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Reunited after 27 Years – on the Flying Eye Hospital

By Orbis International

Jose Raul was a healthy, happy five-year-old playing outside near his home in Lima, Peru when he fell victim to a chance accident. Someone nearby threw something into the air and a metal point hit little Jose in his left eye. He had, as his mother Justine, recalls, a three-millimeter laceration on his eye. Justine didn’t bring him to the doctor immediately, though, because Jose Raul was a strong boy and neither of them knew how bad the injury really was. But the next day, Jose Raul’s eye started emitting a watery liquid and his eye had become visibly inflamed. Justine brought him straight to the emergency room where doctors sewed up his eye with a few stitches, but also told them that Jose Raul had a traumatic cataract and would likely need a cornea and intra-ocular lense (IOL) transplant given how badly his cornea and lens had been damaged by the rogue metal object. If not, they said, he could lose vision in that eye.

This was Peru in the early 1990s, when there weren’t many, if not zero, opportunities to receive corneal and IOL transplants, and the family was informed they would need to find someone able to bring them the supplies from the United States. Justine cared for her son and did what she only thought could help: she prayed.

After five days of praying, speaking with local doctors, and looking for a solution, Justine’s prayers were answered. A friend working in the local medical community called her to tell her that the international non-profit, Orbis, and the world’s-only Flying Eye Hospital (at that time the aircraft was a DC-8 – much smaller than the current MD-10) was coming to Trujillo for the first time in 1991, miraculously, just one week after the accident. Jose Raul and his mom reported to the Instituto Nacional de Oftalmologia (INO), Orbis’s local partner hospital in Lima, and INO referred them to the Flying Eye Hospital project in Trujillo. The project aimed to train local eye care professionals in Peru, while restoring eyesight of patients like Jose Raul.

One of the staff members who was working on the Orbis Flying Eye Hospital during that Trujillo trip was a nurse named Sandy Burnett from the United States. She still remembers how her team helped complete a successful operation and corneal transplant on Jose Raul. The results of the surgery ended up making an impact on the next several years of his life, as his restored vision helped him excel throughout school, eventually being accepted into a Lima university to become an industrial engineer.

Little did everyone know that many years later, Jose and Sandy would be reunited in the most surprising, unexpected and quite simply magical of ways.

Two years ago, Jose Raul, now a 32-year old, qualified industrial engineer was mugged and robbed, his attackers also giving him a hard blow to the head. The blunt force trauma caused the ocular lens he’d had repaired many years ago to shift out of place and seriously threaten his vision once again. Jose Raul, still accompanied by his loving mother Justine, went straight back to the team at INO where they recommended eye drops and also surgery once again. Justine was worried; another eye surgery for her son made her nervous. She told friends that Orbis was the only team she’d trust with her son’s eyes, given her positive past experience. They waited but eventually Jose’s eyesight started to deteriorate. Justine prayed once again for Orbis to come.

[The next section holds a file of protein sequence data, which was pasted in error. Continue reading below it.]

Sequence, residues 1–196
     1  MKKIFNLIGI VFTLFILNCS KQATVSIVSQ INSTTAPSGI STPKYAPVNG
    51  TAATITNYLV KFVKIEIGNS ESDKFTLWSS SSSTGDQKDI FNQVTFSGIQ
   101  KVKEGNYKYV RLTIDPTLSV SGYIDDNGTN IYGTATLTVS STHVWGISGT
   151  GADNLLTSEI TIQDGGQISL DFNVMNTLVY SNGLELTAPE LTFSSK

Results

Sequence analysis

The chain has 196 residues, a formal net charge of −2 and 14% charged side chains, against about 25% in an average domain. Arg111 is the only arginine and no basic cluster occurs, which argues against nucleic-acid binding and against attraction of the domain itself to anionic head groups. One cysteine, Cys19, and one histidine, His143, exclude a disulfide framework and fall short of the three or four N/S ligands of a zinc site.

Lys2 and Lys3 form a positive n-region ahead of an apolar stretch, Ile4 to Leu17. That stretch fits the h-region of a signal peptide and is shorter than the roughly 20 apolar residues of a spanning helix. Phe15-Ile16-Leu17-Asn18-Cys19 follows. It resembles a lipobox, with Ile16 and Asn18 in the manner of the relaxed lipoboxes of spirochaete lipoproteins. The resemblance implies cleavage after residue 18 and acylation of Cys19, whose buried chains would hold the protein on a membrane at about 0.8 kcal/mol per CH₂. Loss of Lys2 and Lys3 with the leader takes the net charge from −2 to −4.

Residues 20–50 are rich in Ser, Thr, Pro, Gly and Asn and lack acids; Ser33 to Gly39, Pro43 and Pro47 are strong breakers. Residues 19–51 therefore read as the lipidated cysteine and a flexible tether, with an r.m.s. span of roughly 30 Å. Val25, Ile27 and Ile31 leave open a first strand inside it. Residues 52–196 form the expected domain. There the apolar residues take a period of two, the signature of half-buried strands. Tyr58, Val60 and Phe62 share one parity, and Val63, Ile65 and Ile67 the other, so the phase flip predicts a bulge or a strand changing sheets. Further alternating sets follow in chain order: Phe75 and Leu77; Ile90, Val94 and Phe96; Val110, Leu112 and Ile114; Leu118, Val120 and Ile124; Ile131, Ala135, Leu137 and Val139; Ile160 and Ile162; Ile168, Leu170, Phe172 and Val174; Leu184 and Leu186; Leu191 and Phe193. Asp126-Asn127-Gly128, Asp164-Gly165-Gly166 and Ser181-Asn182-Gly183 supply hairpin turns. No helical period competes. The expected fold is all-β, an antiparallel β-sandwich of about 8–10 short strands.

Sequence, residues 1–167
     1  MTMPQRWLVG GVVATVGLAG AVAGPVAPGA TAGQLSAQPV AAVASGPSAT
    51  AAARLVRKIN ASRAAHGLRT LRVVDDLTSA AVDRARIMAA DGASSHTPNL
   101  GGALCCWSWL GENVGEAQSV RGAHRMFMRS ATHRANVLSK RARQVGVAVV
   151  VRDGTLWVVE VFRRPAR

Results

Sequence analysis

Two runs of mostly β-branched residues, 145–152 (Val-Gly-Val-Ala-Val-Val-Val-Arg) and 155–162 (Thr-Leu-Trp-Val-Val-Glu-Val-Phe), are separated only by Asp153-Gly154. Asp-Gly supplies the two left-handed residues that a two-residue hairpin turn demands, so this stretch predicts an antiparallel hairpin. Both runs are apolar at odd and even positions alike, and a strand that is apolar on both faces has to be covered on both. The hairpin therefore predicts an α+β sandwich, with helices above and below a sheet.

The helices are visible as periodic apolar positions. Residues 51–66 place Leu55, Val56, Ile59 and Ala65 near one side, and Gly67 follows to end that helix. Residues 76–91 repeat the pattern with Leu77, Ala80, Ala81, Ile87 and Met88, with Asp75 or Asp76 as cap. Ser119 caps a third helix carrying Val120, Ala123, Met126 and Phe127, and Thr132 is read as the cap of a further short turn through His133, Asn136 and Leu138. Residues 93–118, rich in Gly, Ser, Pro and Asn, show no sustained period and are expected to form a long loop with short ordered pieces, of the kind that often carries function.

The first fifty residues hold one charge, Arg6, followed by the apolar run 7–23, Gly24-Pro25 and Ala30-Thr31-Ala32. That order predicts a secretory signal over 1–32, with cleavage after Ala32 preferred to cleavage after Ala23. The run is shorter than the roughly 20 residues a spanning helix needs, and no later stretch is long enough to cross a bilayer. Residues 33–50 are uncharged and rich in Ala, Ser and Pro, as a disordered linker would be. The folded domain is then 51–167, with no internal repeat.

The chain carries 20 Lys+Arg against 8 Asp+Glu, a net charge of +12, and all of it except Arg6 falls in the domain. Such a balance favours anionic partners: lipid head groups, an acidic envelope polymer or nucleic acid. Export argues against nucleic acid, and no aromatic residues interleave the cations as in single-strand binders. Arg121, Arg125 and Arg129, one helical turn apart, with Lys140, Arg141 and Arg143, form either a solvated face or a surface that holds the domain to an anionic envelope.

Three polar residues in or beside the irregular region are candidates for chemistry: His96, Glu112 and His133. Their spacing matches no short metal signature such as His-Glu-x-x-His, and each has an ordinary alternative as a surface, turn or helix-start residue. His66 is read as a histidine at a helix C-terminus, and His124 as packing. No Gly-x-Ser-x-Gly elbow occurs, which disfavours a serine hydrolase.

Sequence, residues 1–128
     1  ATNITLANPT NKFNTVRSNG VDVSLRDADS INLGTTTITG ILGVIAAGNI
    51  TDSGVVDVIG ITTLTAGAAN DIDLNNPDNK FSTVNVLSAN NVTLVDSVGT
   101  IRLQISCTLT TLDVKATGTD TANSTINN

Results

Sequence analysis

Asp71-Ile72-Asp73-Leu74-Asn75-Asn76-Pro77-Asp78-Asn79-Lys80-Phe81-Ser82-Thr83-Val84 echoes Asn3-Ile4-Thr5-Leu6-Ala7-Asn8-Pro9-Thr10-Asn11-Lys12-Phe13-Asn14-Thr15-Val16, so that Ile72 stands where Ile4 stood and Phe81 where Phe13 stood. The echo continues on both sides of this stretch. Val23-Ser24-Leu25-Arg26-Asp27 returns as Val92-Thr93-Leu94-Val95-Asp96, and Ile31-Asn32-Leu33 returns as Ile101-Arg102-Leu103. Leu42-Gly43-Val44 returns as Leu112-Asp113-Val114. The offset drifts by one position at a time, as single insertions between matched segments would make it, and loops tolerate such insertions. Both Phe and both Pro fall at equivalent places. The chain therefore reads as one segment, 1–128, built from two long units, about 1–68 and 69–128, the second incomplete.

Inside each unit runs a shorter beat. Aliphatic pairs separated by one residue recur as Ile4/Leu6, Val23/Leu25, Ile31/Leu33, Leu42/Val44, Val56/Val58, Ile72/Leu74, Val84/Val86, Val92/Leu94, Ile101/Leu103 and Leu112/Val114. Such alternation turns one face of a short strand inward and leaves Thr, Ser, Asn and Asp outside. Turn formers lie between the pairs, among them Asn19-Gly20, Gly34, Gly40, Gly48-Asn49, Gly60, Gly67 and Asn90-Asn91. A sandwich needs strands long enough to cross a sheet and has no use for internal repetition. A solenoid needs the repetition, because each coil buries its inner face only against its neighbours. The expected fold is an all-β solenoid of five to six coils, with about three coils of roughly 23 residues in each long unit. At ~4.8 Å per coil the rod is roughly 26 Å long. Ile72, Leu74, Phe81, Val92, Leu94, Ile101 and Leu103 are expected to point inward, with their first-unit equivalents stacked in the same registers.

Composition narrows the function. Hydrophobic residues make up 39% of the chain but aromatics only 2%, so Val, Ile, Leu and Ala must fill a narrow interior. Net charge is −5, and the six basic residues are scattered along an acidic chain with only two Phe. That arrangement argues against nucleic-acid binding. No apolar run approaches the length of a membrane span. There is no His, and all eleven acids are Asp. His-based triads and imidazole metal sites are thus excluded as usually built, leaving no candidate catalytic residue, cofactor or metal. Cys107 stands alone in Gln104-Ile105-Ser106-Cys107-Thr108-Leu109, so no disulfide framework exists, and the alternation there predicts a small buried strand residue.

And as if it was planned that way, they did.

Justine drove Jose Raul from Lima to Trujillo – an eight-hour drive – and together they waited in line for a screening. They were the last patients of the entire day to be seen, and Jose was chosen, once again, to have eye surgery from Orbis Volunteer Faculty doctors on the Flying Eye Hospital. The three-part surgery that he needed this time, which included both another cornea transplant and intra-ocular surgery, was complex. And there, to help Jose through the preoperative, surgery and post-operative process, was a familiar face: Perioperative nurse Sandy Burnett, who has been a long-term volunteer nurse with Orbis for many years.

Upon being selected for the Flying Eye Hospital surgery, Justine immediately recognised Sandy as the very nurse who had tended to Jose 27 years ago in Lima. Sandy has kept photos and journals of every community she visits with Orbis, but Justine, it turns out, brought some photos of her own.

As Sandy recalls, “His mother pulled out some old photos and we’re looking at them together, and I exclaimed ‘soy yo! That’s me!’ And his mother grabbed me in the biggest bear hug I’ve ever had. To have that continuity and connection was really so magical. The stars and planets, everything was aligned.”

“I’m glad we could visit Peru again and help in this way. This is the magic of Orbis and the work that we do, helping people to see again, and recover something important – eyesight and a real sense of dignity. Jose has grown into such a nice, big, strong, tall man and will be able to continue his life’s journey without the impediment that visual impairment would have imposed.”

After having exchanged many hugs and contact details, they three are planning on keeping in touch with the next encounter hopefully not involving meeting on the Flying Eye Hospital.

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